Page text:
There aren’t “two Americas,” or one. There are only none.

I’ve written in the past about the redrawing of alliances that is taking place amid a U.S.A. that’s M.I.A., with particular emphasis on the Orthodox-Christian and Jewish worlds. While America goes through its Superman III complex (that’s the one where he morphs into the corrupted “evil Superman” and uses his powers for ill), there’s a realignment that extends to places like China and U.S.-betrayed India, as well as to others who aren’t on board with Washington-Riyadh’s remaking of the world.

Last week alone brought a multi-part, microcosmic manifestation of the resulting, interim reshaping. And Amerabia will come to regret the world it created, when it finds itself alone after selling everyone and everything down the river in favor of a futile effort at an inter-species relationship. A relationship that is now therefore more freely emulated by other countries, particularly those unfairly marginalized by the West. It has all made for some interesting times. First the headlines, followed by the abridged items.

Sincere goodwill and an open friendship between Serbia and UAE (Dec. 12)

Air Serbia Launches Maiden Trip to Israel (Dec. 17)

Israel, China Economic Cooperation in Focus With Chinese FM Visit to Jerusalem (Dec. 19)

Putin Surprised Netanyahu With Expression of Support (Dec. 20)

Sincere goodwill and an open friendship between Serbia and UAE (Tanjug / InSerbia, Dec. 12)

BELGRADE – Serbian President Tomislav Nikolic and the Crown Prince of Abu Dhabi, Sheikh Mohammed bin Zayed Al Nahyan, agreed on Thursday that there is sincere goodwill and an open friendship between Serbia and the United Arab Emirates (UAE).

Sheikh Mohammed bin Zayed Al Nahyan…voiced confidence that the UAE’s investments in Air Serbia would be a good example for other prospective investors.

First Deputy Prime Minister Vucic…previously announced the sheikh’s visit as that of a friend, specifying that he would come with “considerable financial support that will be invested in kick-starting the Serbian economy.”

Air Serbia Launches Maiden Trip to Israel (Arutz Sheva, By Michael Freund, Dec. 17)


Maiden Air Serbia flight after landing at Ben Gurion Airport. Milica Vujovic, Serbian Embassy

In a sign of increasingly close ties between Serbia and Israel, the Serbian national airline launched direct flights between Belgrade and Tel Aviv this week.

A spanking new Air Serbia Airbus A319 made the maiden voyage on Sunday. Among those on board the sold-out flight were Serbian Parliament Speaker Nebojša Stefanović, Serbia’s Minister of Regional Development and Local Self-Government Igor Mirović, Israeli Ambassador to Serbia Yosef Levy and Air Serbia CEO Danny Kondić.

Upon arrival at Ben-Gurion Airport, Stefanović said he believes that “this direct route will boost tourism between the two countries”, while Kondic expressed the hope that the direct flights between Israel and Serbia would open new opportunities for Israelis looking for a hub city from which to travel to other global destinations.

Air Serbia will offer four weekly direct flights between Belgrade and Tel Aviv. Previously, flights between the two cities were conducted twice a week and stopped in Larnaca, Cyprus, which greatly inconvenienced travelers.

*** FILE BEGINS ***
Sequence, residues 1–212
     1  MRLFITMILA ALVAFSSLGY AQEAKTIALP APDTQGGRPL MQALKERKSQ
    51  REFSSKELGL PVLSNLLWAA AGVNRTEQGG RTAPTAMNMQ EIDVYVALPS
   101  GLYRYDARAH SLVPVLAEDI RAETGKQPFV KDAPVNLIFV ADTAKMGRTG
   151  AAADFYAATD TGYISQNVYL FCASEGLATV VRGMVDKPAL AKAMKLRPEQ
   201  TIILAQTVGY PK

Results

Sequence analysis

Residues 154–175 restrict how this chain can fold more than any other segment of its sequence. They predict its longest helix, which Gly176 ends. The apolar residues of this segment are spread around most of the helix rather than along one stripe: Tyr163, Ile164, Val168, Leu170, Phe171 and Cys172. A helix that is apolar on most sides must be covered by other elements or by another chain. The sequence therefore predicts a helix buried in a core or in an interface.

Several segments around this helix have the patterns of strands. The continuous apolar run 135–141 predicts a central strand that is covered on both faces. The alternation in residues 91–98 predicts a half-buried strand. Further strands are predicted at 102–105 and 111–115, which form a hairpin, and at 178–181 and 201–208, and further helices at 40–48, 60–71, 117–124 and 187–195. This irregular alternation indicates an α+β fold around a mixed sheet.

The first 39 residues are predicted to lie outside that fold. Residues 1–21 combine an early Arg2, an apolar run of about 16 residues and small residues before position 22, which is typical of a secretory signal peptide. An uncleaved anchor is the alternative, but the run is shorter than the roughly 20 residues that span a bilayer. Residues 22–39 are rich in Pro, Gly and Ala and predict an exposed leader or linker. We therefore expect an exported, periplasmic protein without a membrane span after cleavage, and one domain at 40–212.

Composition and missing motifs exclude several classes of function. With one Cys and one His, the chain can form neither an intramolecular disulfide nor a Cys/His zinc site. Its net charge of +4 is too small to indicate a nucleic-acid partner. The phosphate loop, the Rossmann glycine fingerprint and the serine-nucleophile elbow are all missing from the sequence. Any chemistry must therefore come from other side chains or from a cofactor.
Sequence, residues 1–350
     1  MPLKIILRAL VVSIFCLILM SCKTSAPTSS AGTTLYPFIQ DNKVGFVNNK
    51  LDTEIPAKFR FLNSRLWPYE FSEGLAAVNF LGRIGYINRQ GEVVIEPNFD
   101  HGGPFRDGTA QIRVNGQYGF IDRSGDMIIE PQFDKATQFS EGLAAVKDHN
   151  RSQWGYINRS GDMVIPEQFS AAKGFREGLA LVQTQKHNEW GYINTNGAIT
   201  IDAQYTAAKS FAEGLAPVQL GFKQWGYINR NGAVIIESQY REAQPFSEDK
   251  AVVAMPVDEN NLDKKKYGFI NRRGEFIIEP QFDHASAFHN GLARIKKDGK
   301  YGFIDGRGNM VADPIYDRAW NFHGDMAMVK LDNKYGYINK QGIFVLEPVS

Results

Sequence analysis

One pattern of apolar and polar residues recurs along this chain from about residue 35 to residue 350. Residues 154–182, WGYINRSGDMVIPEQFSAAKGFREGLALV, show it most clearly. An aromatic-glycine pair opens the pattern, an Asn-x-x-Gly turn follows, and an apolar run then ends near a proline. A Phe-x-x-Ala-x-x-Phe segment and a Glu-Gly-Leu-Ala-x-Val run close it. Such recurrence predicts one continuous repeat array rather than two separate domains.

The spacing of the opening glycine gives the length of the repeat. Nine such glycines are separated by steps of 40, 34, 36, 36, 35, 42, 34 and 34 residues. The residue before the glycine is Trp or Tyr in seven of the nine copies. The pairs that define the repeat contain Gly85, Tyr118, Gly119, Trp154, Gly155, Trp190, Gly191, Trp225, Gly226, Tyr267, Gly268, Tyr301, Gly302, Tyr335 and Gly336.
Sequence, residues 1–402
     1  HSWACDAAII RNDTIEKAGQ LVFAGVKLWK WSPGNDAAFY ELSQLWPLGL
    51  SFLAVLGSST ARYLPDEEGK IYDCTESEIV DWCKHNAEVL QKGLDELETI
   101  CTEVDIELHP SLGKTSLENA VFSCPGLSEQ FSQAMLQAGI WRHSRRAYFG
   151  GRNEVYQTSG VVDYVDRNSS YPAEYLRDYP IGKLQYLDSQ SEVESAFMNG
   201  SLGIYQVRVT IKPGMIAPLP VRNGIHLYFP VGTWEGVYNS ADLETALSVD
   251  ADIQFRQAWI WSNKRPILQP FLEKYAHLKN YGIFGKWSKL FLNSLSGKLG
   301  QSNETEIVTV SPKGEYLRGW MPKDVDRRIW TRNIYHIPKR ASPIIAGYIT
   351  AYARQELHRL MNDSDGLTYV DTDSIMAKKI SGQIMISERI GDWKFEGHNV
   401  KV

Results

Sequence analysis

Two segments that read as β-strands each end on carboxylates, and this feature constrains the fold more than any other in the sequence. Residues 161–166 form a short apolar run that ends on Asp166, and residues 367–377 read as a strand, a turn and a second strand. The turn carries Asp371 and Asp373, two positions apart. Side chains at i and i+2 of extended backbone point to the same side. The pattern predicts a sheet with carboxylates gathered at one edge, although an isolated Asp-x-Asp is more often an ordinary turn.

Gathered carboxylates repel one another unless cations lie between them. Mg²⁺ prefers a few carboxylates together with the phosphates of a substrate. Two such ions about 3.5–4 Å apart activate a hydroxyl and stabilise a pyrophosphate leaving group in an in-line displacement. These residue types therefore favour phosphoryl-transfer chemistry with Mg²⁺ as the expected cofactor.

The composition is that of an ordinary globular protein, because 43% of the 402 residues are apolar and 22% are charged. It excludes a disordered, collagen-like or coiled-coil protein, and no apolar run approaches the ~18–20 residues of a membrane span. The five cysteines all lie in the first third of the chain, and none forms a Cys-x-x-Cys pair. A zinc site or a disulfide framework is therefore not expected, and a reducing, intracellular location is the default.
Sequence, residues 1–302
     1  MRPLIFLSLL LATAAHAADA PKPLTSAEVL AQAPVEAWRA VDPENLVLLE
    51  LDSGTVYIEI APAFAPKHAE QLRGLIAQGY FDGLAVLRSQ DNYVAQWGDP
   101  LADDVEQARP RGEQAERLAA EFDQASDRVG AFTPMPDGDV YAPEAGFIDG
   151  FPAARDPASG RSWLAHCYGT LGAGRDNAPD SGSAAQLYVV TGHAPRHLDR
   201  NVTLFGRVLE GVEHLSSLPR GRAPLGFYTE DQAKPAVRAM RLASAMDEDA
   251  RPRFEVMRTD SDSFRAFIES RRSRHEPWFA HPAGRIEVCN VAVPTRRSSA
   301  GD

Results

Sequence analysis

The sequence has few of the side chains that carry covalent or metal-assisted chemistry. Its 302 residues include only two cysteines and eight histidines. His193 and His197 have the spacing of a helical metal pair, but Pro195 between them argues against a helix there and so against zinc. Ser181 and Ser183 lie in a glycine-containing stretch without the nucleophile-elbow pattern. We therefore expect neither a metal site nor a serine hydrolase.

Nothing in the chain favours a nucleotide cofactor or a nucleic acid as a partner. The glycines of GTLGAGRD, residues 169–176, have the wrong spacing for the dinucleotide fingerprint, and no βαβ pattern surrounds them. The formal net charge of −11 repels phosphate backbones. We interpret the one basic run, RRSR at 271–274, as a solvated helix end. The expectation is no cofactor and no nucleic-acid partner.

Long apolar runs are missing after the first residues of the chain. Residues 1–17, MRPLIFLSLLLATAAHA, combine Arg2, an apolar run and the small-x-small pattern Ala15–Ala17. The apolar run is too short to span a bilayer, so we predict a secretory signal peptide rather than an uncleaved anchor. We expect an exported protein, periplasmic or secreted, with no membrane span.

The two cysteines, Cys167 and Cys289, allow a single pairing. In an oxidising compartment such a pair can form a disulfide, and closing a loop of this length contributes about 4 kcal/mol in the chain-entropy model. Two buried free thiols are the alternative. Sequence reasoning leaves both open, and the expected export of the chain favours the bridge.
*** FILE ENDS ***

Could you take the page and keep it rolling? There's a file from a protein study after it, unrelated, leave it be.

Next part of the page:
Israel’s relations with Serbia have grown very close in recent years, with Foreign Minister Avigdor Liberman working assiduously to cultivate better ties. Earlier this year, Serbian President Tomislav Nikolic visited the Jewish state.


Serbian Ambassador to Israel Milutin Stanojevic (left) and Serbian Consul Milica Vujovic (right) at Ben Gurion Airport greet the flight from Belgrade. Milica Vujovic, Serbian Embassy

Israel, China Economic Cooperation in Focus With Chinese FM Visit to Jerusalem; Iran Nukes Also on Agenda (Algemeiner, Dec. 19)


Chinese Foreign Minister Wang Yi and Israeli President Shimon Peres, in Jerusalem, on December 19, 2013. Photo: GPO / Mark Neiman.

Chinese Foreign Minister Wang Yi was offered an Israeli welcome fitting of a head of state this week, with meetings in Jerusalem with both Prime Minister Benjamin Netanyahu and President Shimon Peres on Wednesday and Thursday, as each side made it clear what they sought to gain from their budding alliance.

For China, the goal was commerce, and specifically, access to Israeli technological know-how. For Israel, the business angle is a boon, but its more pressing aim was to secure a strong international partner who can echo its concerns over Iran’s nuclear program to sometimes deaf ears in Washington.

At their meeting in Jerusalem, the Chinese foreign minister told Netanyahu that he had “come to pursue stronger cooperation between our two countries.”

“Our two economies are highly complementary, and the mutually beneficial cooperation between us enjoys a very bright future,” he said. “During your visit to China this year, Mr. Prime Minister, you reached a very important agreement with President Xi Jinping, and Premier Li Keqiang of China on how to further deepen the mutually beneficial cooperation between our two countries. I have come to explore with my Israeli counterpart on how to further implement all the important consensus and explore the various areas of even stronger cooperation between us so as to deliver greater benefits to both peoples.”

In that time since Netanyahu’s May visit, the two countries had signed a $400 million trade agreement, expanding bilateral trade to $2.05 billion; Chinese magnate Li Ka-Shing, among the nation’s richest billionaires, gave $130 million to Israel’s Technion University, to establish the Technion Guangdong Institute of Technology, with Guangdong Province providing another $150 million for the campus — the first time a school from any other country has been invited to establish an entirely new academic college based in China; Tsinghua University sealed an alliance with Tel Aviv University to develop life sciences research and development in China, along with a 100 million yuan ($16 million) investment to seed ventures created by the program; Chinese conglomerate Fosun International, which bought Israeli medical equipment manufacturer Alma Lasers in April, announced plans to open an Israeli technology incubator; and, in December, Israel’s Tower Semiconductor, one of the country’s oldest, largest and most emblematic technology companies (it turns sand into silicon), signed a deal in China to expand the distribution of complementary metal–oxide–semiconductors into their market.

While the Chinese talked business, Netanyahu on Wednesday, and then Peres on Thursday, brought the conversation back to Iran:

“We believe that for the peace of the world, for the peace of the coming years and decades, Iran must be denied the capability – I stress the word – the capability to develop nuclear weapons,” Netanyahu said. “It must fully comply with UN Security Council resolutions. It must end all enrichment, dismantle its centrifuges, eliminate all stockpiles of enriched uranium and dismantle its heavy water reactor in Arak so that it will not be able to produce plutonium. I think that this is something that the international community in its entirety must stand firm on.”